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TimberWest November/December 2013

July/August 2015

Kathy Coatney captures Franklin Logging working at W.M. Beaty and Associates’ salvage site after the Day Fire.

Stone’s Extraordinary High Wire Side
Wayne Stone Logging takes on the challenges of steep slope logging

The First Steps to a State ParkWyEast Timber Services carves out a unique reputation for its ability to handle the difficult projects

California Fires—the Good,
the Bad, and the Ugly

Loggers discuss salvaging from
the 2014 fires

Log Hauling is in the Family Blood
Williams-Ford family restores
the family business

Woody Biomass Column
California’s Biomass Conundrum

Regulate or Be Regulated
Choices regarding operator restraint systems

2015-2016 Buyer’s Guide
A directory of industry products, manufacturers, distributors and services


In the News

Association News

Machinery Row

Guest Column
Russian Timber Companies Plan to Increase Exports of Unprocessed
Timber to the U.S.






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Association News

2014 APA Safety and Health Award Winners Announced

The Engineered Wood Association (APA) recently announced the winners of its 2014 Safety and Health Awards, a program that encourages and recognizes safety and operational excellence in the North American structural panel and engineered wood industry.

Anthony EACOM Inc. and LP won Safest Company Awards in their respective categories, while the coveted Innovation in Safety Award went to two winners: Weyerhaeuser of Grayling, Mich., for the Equipment-Based Innovation Award, and LP of Wilmington, N.C., for the Jeff Wagner Process-Based Innovation Award.

LP, a producer of engineered wood products in Canada, the U.S., and South America, earned top honors among companies with four or more mills, with a 2014 average Weighted Incident Rate (WIR) of 3.03. Anthony EACOM Inc., which produces I-joists, won its award in the category for companies with three or fewer mills. The company posted a perfect 0.00 WIR for 2014.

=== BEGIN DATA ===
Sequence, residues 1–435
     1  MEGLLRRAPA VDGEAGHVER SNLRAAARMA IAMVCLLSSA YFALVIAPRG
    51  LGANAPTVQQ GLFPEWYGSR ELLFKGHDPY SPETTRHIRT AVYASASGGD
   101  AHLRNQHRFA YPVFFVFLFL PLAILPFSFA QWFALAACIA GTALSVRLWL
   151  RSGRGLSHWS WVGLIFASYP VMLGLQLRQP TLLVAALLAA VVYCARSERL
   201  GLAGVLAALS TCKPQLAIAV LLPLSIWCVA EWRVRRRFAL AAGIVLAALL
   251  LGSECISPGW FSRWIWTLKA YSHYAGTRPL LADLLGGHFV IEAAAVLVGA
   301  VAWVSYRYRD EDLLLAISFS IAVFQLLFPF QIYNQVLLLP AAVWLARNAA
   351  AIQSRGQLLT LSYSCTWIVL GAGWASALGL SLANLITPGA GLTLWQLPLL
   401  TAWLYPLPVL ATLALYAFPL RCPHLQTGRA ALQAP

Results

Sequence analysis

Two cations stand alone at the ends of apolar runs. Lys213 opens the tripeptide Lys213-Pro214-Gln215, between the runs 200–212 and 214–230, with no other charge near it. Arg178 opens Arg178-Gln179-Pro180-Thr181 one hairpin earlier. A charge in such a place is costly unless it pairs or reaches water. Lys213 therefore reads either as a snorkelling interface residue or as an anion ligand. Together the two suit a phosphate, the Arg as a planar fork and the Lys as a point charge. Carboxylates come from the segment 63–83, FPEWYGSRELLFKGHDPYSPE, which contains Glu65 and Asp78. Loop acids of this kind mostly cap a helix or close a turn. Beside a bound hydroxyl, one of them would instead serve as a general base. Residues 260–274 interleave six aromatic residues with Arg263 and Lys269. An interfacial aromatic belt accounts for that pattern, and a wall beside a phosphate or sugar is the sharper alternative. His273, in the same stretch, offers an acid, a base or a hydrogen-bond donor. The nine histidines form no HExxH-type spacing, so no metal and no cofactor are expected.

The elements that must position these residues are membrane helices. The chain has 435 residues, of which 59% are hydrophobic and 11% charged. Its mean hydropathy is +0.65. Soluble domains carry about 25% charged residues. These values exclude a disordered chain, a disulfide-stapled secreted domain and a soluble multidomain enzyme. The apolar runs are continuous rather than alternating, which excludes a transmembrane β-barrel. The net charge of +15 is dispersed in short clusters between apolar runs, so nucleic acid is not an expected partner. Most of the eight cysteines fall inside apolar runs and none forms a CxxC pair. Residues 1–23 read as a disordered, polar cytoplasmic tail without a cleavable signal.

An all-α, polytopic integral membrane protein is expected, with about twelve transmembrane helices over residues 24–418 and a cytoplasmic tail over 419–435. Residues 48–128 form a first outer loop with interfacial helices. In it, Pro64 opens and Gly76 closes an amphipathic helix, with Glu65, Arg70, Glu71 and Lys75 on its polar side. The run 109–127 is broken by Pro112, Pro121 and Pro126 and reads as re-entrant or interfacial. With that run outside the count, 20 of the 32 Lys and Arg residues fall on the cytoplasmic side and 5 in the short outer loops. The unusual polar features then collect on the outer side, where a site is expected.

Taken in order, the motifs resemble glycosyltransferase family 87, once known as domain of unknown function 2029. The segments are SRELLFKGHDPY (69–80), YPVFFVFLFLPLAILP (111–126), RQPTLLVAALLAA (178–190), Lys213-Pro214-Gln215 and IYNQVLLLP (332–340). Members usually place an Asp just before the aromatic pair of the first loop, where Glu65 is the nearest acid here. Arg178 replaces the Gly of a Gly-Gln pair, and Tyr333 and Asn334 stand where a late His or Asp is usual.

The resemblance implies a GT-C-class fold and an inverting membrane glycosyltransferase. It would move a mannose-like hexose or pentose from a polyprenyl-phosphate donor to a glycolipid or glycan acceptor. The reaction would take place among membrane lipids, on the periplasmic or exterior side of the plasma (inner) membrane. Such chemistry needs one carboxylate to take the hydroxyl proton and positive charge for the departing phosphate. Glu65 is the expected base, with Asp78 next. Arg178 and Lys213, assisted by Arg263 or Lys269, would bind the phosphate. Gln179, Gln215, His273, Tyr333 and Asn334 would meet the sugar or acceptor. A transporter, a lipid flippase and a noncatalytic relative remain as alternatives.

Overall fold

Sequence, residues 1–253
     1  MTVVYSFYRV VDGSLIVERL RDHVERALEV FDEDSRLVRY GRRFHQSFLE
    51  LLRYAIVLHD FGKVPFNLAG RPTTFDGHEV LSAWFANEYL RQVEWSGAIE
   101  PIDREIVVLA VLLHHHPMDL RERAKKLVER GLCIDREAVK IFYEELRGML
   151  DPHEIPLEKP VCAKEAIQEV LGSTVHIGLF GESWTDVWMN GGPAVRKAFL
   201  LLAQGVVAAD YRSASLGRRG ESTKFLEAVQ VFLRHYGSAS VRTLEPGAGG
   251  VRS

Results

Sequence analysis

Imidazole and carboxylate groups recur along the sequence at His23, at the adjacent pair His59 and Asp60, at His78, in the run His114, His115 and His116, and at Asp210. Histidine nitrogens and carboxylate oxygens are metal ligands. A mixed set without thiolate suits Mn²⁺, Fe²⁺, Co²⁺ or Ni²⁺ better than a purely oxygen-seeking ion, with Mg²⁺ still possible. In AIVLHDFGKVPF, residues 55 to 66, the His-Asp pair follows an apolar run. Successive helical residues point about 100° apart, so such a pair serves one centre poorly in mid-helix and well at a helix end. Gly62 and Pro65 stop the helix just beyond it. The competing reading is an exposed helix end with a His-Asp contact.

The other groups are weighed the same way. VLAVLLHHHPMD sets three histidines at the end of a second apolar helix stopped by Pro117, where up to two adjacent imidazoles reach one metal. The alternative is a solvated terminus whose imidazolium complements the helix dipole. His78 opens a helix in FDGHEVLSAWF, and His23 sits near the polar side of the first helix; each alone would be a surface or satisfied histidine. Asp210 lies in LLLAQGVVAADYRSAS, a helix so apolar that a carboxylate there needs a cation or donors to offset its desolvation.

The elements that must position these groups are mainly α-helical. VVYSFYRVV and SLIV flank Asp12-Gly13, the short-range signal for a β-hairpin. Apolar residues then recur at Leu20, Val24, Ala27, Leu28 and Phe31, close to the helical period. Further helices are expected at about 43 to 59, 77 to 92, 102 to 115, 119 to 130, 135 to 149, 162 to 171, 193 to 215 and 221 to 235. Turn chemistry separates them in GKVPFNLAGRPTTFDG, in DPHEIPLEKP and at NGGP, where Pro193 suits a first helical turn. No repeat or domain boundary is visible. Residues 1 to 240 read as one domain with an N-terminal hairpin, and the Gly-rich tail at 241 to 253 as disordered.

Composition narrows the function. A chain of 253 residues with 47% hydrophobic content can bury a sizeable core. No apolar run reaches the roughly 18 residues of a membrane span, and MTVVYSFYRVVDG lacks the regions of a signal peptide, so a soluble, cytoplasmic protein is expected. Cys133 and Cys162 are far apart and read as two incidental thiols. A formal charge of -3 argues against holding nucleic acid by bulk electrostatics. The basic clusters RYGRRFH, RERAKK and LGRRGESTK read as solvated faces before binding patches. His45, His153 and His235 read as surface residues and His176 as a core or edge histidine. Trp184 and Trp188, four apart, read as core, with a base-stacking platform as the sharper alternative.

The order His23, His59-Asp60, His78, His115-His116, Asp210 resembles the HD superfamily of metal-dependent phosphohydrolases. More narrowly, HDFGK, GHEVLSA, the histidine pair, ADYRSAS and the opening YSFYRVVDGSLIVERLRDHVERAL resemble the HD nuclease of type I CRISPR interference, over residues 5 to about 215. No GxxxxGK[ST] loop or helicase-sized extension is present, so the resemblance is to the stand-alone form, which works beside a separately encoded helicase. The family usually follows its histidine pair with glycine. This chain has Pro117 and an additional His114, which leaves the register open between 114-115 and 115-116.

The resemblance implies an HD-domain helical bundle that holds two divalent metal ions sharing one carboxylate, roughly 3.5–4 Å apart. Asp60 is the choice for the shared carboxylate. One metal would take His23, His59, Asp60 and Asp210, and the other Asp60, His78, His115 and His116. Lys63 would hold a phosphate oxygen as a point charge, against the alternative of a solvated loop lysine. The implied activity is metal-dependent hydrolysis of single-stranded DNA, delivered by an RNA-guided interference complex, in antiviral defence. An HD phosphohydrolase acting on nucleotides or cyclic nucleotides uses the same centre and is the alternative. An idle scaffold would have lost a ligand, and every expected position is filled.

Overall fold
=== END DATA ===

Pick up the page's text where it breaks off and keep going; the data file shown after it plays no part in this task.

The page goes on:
Other Pacific Northwest winners are Boise Cascade of Kettle Falls, Wash., for Safety Improvement (77.8% improvement) and Rosboro of Springfield, Ore. for Incident-Free Honor Society.

Timm Locke Heads OFRI

The Oregon Forest Resources Institute reported in July that Timm Locke has been appointed the new director of forest products.

Timm Locke, a long-time Portland public relations and marketing professional has extensive experience in wood products.

As director, Locke will head up OFRI’s new statewide forest products promotion and education program to create and strengthen demand for traditional and innovative Pacific Northwest wood products among professionals who design, specify, and construct commercial buildings, says OFRI.

Teachers Learn about Sustainable Forestry

If you spotted 30 high school teachers in the woods last June, it was probably the three-day workshop by OFRI and their partners who presented the tour: OSU Extension, Society of American Foresters, Southern Oregon Timber Industries Association, Hancock Forest Management, Bureau of Land Management, and Boise Cascade.

The teachers learned about the social, economic, and ecological aspects of sustainable forests. They toured mills and a biomass plant and got an up close look at the results of a fire. The teachers also received OFRI’s new 12-week high school forestry curriculum.

American Tree Farm System Announces Tree Farmers of the Year

In July, the American Tree Farm System (ATFS) announced the four Regional Outstanding Tree Farmers of the Year from among more than 82,000 certified Tree Farmers: John and Ann Boutwell and Peggy Boutwell Autrey of Plattville, Ala.; Duke and Naomi Hoiland of Poleridge, Mont.; Raul Chiesa and Janet Sredy of Elizabeth, Penn.; and Merlin and Georgie Becker of Manawa, Wisc. One of these exceptional woodland owners will be chosen for the National Outstanding Tree Farmer of the Year award.

ATFS, which celebrates its 75th anniversary next year, has honored more than 150 exceptional Regional Outstanding Tree Farmers since the award’s inception in 1976. Woodland owners considered for the award must demonstrate exceptional efforts to preserve and enhance their woodlands, and thus the clean water and air, wildlife habitat, recreational activities, and the wood for homes and paper products that comes from their land, all of which are exemplified on the ATFS sign.